BootHole GRUB2 Bootloader Security Exploit Discovered, Affects Billions Of Windows And Linux Devices

Boothole grub2
Bootloaders are an essential bit of software for almost every modern electronic device. Unfortunately, any vulnerabilities in the bootloader can open a device up to attackers. Eclypsium researchers recently discovered a buffer overflow vulnerability in the GRUB2 bootloader, nicknamed “BootHole”. This affects any device that uses GRUB2 with Secure Boot, including most Linux and some Windows devices.

How Does BootHole Work

The “GRand Unified Bootloader version 2”, or GRUB2, is a bootloader that is common on many Linux devices. It uses bison, a parsers generator, and flex, a lexical analyser, to “generate a parsing engine for a domain-specific language (DSL).” However, Eclypsium points out that flex and bison have “mismatched design assumptions'' which can lead to issues. In the case of BootHole, these “mismatched design assumptions” can create a buffer overflow vulnerability.

A buffer overflow occurs when more data is pushed into a buffer than it can handle. This data still needs a place to go and it therefore often overflows into nearby memory spaces. This “overflow” can corrupt or overwrite the data that was originally in the memory space. Attackers can then abuse this situation to run arbitrary code and cause major problems with a device.

eclypsium buffer overflow example
Secure Boot processes are typically walled off from administrative level users. However, in this scenario, the bootloader parses a configuration file located in the EFI system partition. As a result, any user with administrator access can modify grub.cfg. Furthermore, the configuration file is typically implemented as an unsigned text file. Any changes to the configuration file therefore go unchecked.

In the example provided by the researchers, Eclypsium found they could use the modified configuration file to pass a token too large for flex’s parse buffer. It called the function “YY_FATAL_ERROR()”. This threw an error code, but did not halt the execution. Flex never checks for YY_FATAL_ERROR() to return, so it continued to call and copy a token that was too large for the buffer. According to the researchers, this issue “overwrites critical structures in the heap.”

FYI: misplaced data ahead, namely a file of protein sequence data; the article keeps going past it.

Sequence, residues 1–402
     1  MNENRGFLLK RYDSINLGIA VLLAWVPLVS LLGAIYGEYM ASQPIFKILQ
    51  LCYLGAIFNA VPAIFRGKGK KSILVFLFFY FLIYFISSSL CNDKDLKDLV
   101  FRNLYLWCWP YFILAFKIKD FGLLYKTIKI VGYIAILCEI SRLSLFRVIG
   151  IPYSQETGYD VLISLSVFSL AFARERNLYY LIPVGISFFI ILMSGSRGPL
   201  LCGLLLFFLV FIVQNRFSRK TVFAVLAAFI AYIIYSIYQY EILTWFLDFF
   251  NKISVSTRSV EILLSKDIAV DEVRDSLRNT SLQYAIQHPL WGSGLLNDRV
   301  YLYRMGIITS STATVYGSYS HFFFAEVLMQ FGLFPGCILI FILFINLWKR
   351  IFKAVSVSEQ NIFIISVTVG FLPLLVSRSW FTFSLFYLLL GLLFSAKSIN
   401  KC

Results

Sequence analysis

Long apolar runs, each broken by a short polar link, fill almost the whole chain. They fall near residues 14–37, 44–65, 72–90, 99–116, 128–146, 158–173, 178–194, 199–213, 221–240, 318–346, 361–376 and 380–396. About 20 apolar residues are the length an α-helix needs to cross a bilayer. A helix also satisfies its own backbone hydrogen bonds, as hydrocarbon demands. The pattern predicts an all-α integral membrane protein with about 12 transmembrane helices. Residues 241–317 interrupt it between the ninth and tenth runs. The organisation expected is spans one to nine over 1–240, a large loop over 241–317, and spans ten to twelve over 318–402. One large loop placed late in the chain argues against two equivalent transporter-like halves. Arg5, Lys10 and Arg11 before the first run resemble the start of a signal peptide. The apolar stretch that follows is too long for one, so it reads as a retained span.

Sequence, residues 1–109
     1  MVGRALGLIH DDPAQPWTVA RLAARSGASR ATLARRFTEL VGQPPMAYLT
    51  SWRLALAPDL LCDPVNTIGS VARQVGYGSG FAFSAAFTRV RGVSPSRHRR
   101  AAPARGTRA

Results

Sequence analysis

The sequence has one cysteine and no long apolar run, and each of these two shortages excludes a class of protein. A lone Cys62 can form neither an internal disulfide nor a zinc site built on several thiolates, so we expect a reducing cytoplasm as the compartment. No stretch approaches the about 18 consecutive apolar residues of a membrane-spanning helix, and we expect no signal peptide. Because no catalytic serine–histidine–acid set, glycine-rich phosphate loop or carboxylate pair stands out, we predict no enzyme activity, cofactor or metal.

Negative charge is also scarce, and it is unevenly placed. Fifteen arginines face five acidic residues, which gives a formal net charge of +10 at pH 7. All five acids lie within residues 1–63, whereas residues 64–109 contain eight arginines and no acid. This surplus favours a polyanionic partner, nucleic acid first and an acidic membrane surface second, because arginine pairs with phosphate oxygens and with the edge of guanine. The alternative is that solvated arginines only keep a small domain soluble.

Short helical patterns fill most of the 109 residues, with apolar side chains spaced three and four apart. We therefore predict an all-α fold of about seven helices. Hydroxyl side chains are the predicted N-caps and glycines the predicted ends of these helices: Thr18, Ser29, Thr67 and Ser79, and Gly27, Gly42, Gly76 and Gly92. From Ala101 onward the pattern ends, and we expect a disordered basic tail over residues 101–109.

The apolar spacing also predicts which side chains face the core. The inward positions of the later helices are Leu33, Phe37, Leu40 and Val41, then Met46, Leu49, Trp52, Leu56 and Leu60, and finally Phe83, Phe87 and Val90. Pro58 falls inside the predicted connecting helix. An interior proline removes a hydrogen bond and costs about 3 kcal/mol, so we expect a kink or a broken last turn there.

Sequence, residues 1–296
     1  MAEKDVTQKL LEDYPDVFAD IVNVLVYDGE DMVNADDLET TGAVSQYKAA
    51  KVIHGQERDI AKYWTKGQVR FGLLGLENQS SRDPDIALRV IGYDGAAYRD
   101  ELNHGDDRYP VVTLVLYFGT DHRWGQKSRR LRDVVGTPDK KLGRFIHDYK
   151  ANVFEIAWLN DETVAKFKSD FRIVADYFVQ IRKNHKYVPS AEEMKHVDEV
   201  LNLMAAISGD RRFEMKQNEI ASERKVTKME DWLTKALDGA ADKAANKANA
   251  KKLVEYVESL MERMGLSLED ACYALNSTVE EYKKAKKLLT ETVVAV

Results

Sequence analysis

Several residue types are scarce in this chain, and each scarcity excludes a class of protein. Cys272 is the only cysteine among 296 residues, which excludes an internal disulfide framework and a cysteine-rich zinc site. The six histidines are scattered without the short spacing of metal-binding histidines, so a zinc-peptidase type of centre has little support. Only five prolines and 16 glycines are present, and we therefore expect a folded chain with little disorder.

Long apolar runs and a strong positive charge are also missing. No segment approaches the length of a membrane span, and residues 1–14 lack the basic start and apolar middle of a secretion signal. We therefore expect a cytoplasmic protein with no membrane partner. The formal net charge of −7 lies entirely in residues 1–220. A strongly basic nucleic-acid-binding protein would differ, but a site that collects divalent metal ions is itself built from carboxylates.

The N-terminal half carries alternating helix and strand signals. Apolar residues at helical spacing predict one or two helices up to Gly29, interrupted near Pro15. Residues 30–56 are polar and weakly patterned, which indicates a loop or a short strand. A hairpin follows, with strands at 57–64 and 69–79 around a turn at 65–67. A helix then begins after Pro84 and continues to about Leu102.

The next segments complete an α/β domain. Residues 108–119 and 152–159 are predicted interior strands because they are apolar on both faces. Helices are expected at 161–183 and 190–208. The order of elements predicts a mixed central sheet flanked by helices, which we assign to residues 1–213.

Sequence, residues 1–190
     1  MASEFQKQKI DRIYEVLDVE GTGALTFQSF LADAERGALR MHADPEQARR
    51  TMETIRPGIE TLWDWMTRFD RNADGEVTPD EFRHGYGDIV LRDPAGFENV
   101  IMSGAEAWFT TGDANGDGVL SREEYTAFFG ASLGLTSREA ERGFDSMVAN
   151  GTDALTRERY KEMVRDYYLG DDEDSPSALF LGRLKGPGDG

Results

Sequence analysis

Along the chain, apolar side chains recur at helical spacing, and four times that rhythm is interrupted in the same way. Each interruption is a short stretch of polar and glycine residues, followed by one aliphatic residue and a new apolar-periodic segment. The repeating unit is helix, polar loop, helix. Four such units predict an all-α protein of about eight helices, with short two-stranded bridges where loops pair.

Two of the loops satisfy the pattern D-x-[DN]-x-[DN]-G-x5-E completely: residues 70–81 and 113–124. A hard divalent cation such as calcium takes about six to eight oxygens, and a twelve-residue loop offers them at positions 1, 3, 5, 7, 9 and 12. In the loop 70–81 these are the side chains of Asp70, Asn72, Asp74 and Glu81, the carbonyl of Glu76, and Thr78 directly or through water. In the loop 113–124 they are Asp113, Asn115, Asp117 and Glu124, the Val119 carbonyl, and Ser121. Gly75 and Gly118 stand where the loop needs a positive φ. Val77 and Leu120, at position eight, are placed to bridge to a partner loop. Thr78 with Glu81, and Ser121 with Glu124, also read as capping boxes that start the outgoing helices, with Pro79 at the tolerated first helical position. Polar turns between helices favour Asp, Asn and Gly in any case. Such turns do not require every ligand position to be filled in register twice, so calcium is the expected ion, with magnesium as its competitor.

Potential Consequences and Resolution

This vulnerability can lead to major consequences. Attackers who have gained administrative privileges can execute arbitrary code and therefore take over the entire bootloader process. The attacker could run malware, replace the bootloader process with a malicious one, and gain total control over vulnerable devices.

Eclypsium indicates that the attackers must already have administrative privileges. This is important to note, because you would likely already have problems if an attacker managed to get this far. However, this vulnerability is certainly cause for concern. It would further increase the attacker’s privileges and offer the ability to regain control of a system with modified bootloader in place. In turn, the attack could persist at a lower level on the system than is typically detectable while covering up evidence of its infiltration in userspace.

eclypsium bootloader malware corrected

One of the most worrying aspects of this vulnerability is what needs to be done to mitigate it. Mitigation will require the cooperation of a variety of companies, open-source projects, and individuals. There will first need to be immediate updates to GRUB2. New bootloaders will eventually need to be deployed and the older versions will need to be revoked. Eclypsium warns that this will likely be a long, drawn-out process. Care is needed as these kinds of updates can sometimes render a device inoperable. The issue will eventually be addressed, but users should be patient.

Eclypsium researchers also recently uncovered unsigned or unverified peripheral firmware in devices by major tech companies. Unsigned firmware not only endangers individual devices, but can threaten an entire network. The researchers were able to infect a host server and replace the system’s NIC firmware, which ultimately allowed them to monitor, modify, and redirect traffic.

Updated 7/29/2020 at 3:00pm

Below is a statement from SUSE regarding the BootHole vulnerability:

"We’re aware of the Linux vulnerability called BootHole shared by Eclypsium today, and our customers and partners can rest assured we have released fixed grub2 packages which close the BootHole vulnerability for all SUSE Linux products today, and are releasing corresponding updates to Linux kernel packages, cloud image and installation media.

Given the need for physical access to the bootloader, the most likely exposure is when untrusted users can access a machine, e.g. bad actors in classified computing scenarios or computers in public spaces operating in unattended kiosk mode. To ensure that sophisticated attackers cannot reinstall old versions of grub2, software and hardware vendors are working together. SUSE Linux Enterprise provides unprecedented reliability, stability and security to the enterprise, and we are committed to keeping our customers’ and partners’ systems up to date and ready to handle everyday business challenges.